I learned a really good word today, too:   cathexis.  “In psychoanalysis, cathexis is defined as the process of investment of mental or emotional energy in a person, object, or idea.” (Wikipedia)

(I know, I know, it’s not a real source.)  But it is a real word, and I love that it’s an actual thing.  I’m sure, being psychoanalysis, there are good and bad aspects, but for now, until I learn more, I am happy with the simple definition.

And this happened, but I’m happier with the second rendition now:

IMG_0075Karma Cat thought it was amazing and wanted all the bits to be her very own.

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I am happier with the line quality, depth of carving and general boldness of this rendition.  There is still text to add and some refinement of the shapes, but this is where it’s at until things firm up a little bit.

These are other pieces in process currently:

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This one is going to make me laugh every time I look at it.  Waiting for it to firm so I can put the text on and refine shapes.  Childhood playground games were mystifying to me.

And this one is going to be tricky with all the shapes of people, but I hope it’ll portray the moment well.  Stories will be revealed forthwith as I get text added.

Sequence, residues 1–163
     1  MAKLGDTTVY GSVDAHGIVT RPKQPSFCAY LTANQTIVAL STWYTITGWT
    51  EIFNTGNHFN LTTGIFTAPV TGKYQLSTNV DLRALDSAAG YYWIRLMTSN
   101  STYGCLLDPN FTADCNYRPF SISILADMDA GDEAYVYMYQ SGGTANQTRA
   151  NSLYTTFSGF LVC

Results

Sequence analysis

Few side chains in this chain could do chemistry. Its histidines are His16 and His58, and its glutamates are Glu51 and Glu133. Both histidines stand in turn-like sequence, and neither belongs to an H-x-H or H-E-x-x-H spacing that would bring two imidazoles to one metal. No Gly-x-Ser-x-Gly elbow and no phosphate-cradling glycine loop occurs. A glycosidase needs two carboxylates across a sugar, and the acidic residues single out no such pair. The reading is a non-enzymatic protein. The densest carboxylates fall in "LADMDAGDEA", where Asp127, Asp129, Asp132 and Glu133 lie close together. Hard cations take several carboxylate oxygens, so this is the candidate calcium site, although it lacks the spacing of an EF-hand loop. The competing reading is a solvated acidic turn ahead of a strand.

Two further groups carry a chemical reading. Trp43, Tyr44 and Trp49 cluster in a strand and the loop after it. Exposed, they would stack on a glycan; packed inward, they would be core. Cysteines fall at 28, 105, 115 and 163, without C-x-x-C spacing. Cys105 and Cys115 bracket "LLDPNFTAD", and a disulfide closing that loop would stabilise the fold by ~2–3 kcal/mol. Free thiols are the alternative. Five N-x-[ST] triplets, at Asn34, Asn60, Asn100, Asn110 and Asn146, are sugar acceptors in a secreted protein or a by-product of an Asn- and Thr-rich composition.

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And then there is KitKat, my tiny kitten.  This was a hard one.  The text was difficult and the shapes didn’t behave at first.  Which was an effect of wrestling the text.  But I’m happy with where it’s going now, except for that awkward bow at the bottom edge of the tile.  Trimming is in order.IMG_0070

First Project completed.

After bisque firing, I stained these tiles with Iron Oxide.IMG_0036

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Then added 3D White glaze to the raised areas to accentuate the reductive carving and draw out the graphic novel aesthetic- boldly defined images and texture. IMG_0037IMG_0032  And I am delighted with how they turned out.IMG_0043IMG_0044IMG_0045IMG_0046IMG_0047

Book References

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These are some of the books I’ve read before and been reading recently to get visual ideas for image making, and language ideas for what words to use.